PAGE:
# Female workers in Thailand, the world’s largest rice exporter, are not immune from the hike in food prices either. ‘’Women working in the informal sector are concerned about the rise in the cost of living. The cost of one meal with rice has almost doubled in some places.’’[14]
# In Malawi, as providers of food for their families, women are spending up to four nights at the state controlled grain marketing organization, the Agricultural Development and Marketing Corporation (ADMARC) in order to buy the mere 25kgs of maize allowed per buyer, which has been rationed due to the food crisis. “This rationing is forcing women to spend most of their time making trips to ADMARC markets to buy maize as the 25 kgs is hopelessly inadequate for most families. … Women at the ADMARC market are at risk of attack as they often leave home at around 1 am in the hope of making it to the queue in good time.” [15]
# In extreme situations in Malawi, girls are being forced to drop out of school to help and some parents are reported to be forcing their daughters to be married in exchange for food. Sex work is also on the rise. “Desperate rural women and girls as young as 15, are indulging in commercial sex for survival thereby exposing themselves to HIV infection … Although sex work is illegal in Malawi, the sex workers said before the food crisis they used to charge K1000 (8 US dollars) for unprotected sex and K200 for sex with a condom. Due to the food crisis, worsening economic conditions, and competition for few clients their rates have plummeted to as a low as K100 (81 US cents).”[16] “The crisis is having a devastating effect on maternal health in particular. Malnutrition renders pregnant women more susceptible to infection, miscarriage and premature labor, and increases the likelihood that pregnant and lactating women who are HIV-positive will transmit the virus to their children.”[17]

Food shortages and high poverty levels are also contributing to a “decrease in the number of women seeking family planning services and antenatal care. The number of home deliveries is also on the rise, as the constant search for food for their families leads women to neglect their own health.”[18]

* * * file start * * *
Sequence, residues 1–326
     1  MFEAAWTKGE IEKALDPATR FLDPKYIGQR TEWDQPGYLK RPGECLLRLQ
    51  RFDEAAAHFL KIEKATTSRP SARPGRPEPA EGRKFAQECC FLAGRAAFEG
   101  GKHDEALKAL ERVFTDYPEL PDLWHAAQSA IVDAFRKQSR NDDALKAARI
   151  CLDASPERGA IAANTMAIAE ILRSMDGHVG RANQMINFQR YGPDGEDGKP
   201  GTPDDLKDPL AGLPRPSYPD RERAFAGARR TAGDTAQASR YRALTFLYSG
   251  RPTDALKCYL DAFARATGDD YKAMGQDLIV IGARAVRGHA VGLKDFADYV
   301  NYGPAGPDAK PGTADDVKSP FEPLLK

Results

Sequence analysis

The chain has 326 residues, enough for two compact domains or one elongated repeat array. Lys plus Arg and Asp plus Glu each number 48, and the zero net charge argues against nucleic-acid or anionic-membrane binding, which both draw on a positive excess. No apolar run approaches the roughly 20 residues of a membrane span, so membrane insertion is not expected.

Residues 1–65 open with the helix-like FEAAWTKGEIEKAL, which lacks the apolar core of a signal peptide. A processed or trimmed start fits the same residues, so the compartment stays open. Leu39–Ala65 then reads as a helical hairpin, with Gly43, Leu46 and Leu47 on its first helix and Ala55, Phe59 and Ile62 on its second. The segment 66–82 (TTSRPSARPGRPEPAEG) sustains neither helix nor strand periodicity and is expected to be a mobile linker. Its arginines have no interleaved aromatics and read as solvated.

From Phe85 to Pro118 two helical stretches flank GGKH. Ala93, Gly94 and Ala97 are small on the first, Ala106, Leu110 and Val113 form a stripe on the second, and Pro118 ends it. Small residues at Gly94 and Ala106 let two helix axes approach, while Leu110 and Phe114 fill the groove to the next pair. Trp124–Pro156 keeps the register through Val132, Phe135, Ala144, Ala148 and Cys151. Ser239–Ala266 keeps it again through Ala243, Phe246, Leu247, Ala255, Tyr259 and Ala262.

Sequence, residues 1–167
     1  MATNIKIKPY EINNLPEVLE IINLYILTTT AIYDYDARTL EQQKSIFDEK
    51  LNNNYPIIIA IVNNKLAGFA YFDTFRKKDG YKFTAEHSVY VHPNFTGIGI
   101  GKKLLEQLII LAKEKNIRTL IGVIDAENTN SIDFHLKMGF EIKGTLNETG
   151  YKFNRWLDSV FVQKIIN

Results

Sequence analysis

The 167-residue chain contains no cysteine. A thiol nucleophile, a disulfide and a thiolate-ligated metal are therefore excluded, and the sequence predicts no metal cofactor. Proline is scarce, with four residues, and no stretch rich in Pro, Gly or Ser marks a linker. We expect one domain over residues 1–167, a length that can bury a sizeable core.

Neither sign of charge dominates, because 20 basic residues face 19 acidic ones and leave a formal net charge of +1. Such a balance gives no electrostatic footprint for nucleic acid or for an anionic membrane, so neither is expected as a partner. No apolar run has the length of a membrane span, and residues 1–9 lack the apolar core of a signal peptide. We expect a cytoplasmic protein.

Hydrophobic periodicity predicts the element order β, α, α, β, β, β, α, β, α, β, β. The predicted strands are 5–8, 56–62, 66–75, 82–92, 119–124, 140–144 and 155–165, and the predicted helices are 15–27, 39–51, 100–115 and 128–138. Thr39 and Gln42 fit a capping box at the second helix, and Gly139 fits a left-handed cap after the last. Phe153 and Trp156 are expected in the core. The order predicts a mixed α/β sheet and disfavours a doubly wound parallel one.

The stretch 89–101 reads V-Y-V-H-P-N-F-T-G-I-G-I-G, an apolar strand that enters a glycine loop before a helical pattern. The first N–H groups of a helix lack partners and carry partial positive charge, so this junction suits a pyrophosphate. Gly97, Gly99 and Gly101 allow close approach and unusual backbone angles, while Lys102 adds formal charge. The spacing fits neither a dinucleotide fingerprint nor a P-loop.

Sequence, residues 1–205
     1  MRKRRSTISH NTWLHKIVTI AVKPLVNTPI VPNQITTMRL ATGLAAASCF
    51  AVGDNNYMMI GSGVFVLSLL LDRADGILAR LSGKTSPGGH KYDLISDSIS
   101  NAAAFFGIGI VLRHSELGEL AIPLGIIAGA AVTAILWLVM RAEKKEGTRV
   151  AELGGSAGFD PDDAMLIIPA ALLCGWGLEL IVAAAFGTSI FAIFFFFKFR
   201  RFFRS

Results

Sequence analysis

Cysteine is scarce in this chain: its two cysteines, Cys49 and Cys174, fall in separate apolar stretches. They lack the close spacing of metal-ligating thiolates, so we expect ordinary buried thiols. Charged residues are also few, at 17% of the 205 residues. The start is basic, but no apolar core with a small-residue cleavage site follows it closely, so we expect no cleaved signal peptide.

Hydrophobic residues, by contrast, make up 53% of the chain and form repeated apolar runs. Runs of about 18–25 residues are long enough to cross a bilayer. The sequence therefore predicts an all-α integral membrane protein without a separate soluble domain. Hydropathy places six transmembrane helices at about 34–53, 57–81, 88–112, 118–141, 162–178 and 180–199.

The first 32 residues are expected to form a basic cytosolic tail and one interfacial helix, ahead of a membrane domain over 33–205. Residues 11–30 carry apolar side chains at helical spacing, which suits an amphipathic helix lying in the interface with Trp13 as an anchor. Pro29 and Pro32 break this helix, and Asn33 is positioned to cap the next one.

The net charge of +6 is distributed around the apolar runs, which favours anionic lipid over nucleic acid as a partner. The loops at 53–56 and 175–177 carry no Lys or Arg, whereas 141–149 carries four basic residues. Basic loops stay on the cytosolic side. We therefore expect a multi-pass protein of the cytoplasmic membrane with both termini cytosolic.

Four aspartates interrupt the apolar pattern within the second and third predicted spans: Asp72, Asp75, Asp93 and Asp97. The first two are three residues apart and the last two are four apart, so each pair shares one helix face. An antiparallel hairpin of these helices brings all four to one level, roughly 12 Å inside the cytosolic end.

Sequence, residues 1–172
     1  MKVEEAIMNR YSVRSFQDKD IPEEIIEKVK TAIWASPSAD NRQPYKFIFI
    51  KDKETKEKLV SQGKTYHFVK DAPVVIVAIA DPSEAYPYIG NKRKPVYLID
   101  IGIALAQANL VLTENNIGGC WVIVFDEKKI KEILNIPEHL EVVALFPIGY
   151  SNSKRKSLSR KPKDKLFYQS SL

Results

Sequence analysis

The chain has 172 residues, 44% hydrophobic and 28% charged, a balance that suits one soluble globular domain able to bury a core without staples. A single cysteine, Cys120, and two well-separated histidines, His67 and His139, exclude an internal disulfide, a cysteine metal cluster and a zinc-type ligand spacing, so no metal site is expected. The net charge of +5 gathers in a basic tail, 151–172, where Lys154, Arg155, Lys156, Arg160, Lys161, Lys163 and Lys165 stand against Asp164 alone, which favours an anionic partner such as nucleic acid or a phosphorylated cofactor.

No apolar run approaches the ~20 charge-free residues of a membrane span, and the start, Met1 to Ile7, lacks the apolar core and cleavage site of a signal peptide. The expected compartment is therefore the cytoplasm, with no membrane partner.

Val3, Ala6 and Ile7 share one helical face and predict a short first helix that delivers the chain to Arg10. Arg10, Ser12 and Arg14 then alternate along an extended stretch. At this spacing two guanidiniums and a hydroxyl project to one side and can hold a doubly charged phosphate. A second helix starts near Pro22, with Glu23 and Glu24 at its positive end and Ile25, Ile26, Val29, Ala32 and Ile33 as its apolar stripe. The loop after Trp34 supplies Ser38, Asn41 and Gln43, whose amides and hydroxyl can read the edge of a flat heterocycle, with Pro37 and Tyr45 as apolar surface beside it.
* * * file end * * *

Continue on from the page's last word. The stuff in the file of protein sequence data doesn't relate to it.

According to the FAO, “The establishment of energy crop plantations on ‘marginal’ lands might negatively affect women’s ability to meet household obligations, including traditional food provision and food security. The establishment of such plantations might also lead to a loss of wild edible plant species, which women are usually responsible for collecting and preparing and which play a key role in the food security of rural households.”[19]

How Women can be Part of the Solution to the Food Crisis

In most places in developing countries, women produce the majority of the food and are responsible for feeding their families, and have done so with limited access to productive resources. Investing in women’s ability to access these resources, meaningfully consulting with women in food aid and agricultural planning, and giving them voice in household decisions will be critical in stemming the current crisis and preventing another food emergency.

# “Women are often the guardians of traditional knowledge of seed varieties and crops that can be grown in less than ideal climatic conditions. More efforts should be made to learn from their specific knowledge and to build on it with information on new ways to achieve nutritional goals.”[20]
# “Women’s capacity to earn and control incomes is important in determining their ability to guarantee household food security.”[21]
# “Not only are rural women among those most vulnerable to food shortages, but more importantly, they are the driving force behind African agriculture.”[22]
# A recent FAO report indicates that “to stave off the worst effects of the global food crisis, it’s important for all women–not just female farmers–to get better access to land, capital and technology. That’s because an increasing number of households in developing countries are headed by women due to male emigration and HIV-AIDS.”[23]
# “In comparative studies, households in which income was controlled by women demonstrated better levels of nutrition. Women tend to devote a greater share of their income to food and fuel as opposed to luxury items.”[24]